Built in 1883 by prosperous Asheville banker Erwin E. Sluder in the Queen Anne style of architecture, the wooden two-story frame house began life as a boarding house known as the ‘Old Kentucky Home,’ which was run by Wolfe’s mother and where he lived until he went to university in 1916. The sprawling boarding house was originally built with only six or seven rooms and a front and rear porch, but by 1889 many renovations and additions had more than doubled the size of the original house, but managed to retain its architectural style.
Heavily influenced by his childhood in Asheville and his life in the boarding house, Wolfe used these early years as inspiration in his writing, and the boarding house was used as the setting for Wolfe’s first novel which he wrote in 1929, Look Homeward, Angel. In this autobiographical fiction, Wolfe changed the name of the boarding house to ‘Dixieland’ and includes highly realistic portrayals of life in Asheville and his own experiences among family, friends, and boarders into the book, which caused it to be banned from the local library.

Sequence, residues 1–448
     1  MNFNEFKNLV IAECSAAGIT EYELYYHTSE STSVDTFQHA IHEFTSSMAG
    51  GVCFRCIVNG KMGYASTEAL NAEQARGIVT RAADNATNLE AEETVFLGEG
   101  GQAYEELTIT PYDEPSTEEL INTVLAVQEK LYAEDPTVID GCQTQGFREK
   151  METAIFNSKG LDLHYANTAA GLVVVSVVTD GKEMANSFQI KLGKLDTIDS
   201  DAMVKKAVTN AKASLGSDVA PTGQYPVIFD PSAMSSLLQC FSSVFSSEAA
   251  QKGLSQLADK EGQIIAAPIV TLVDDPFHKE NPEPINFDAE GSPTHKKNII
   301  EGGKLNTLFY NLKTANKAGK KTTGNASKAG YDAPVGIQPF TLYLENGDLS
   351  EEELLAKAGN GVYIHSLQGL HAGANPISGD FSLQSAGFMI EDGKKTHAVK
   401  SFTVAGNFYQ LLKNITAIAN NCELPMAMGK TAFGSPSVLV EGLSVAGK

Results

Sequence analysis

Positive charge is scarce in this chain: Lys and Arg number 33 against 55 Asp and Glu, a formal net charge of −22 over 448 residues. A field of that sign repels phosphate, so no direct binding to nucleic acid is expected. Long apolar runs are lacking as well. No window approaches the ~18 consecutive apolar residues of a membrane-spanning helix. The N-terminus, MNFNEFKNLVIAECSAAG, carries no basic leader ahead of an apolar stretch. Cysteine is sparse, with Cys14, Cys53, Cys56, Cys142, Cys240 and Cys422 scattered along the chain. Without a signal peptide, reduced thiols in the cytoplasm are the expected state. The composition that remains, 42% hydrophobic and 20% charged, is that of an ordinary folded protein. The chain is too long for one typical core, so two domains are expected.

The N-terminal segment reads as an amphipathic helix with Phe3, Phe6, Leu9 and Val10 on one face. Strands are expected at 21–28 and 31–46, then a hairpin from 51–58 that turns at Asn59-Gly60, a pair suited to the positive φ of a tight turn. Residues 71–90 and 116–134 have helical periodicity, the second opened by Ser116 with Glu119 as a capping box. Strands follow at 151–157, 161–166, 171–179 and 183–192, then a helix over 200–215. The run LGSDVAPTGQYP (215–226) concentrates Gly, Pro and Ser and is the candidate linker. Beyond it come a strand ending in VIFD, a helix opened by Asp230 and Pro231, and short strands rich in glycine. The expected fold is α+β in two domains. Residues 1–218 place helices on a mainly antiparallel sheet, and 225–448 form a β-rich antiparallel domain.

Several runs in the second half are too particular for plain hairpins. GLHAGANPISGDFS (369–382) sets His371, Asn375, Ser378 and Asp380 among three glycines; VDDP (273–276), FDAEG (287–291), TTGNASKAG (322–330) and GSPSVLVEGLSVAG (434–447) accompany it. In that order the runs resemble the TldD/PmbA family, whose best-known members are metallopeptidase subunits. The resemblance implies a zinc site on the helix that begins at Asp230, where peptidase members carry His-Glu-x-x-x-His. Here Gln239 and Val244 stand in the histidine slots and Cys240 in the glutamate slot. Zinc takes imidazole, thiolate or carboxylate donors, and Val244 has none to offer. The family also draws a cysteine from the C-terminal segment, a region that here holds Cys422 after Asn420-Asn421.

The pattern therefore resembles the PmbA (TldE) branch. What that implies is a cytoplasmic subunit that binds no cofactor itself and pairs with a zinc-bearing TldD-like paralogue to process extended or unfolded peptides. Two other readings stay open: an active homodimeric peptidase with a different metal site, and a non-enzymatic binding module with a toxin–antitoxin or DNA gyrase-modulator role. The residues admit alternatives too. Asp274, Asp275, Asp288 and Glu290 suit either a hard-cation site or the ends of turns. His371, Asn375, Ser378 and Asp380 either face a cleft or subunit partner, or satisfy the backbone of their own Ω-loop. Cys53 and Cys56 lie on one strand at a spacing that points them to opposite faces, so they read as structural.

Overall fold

Considered by many to be one of the most autobiographical novelists in American Literature, Thomas Wolfe wrote four novels during his short lifetime, namely Look Homeward, Angel, Of Time and the River, The Web and the Rock, and You Can’t Go Home Again. He also wrote numerous shorts and plays, articles, novella, and scripts.
Wolfe died at a relatively young age from tuberculosis and later, after his mother’s death, the 29-room house became a memorial to Wolfe and was opened to the public in the 1950s. The house was set alight by an arsonist during the Bele Chere Street Festival of 1998 and more than a quarter of the house’s original artifacts and pieces of furniture were destroyed. In 2004, the State of California spent over $2 million restoring the house to its former glory and its stands today as it once did more than a century ago.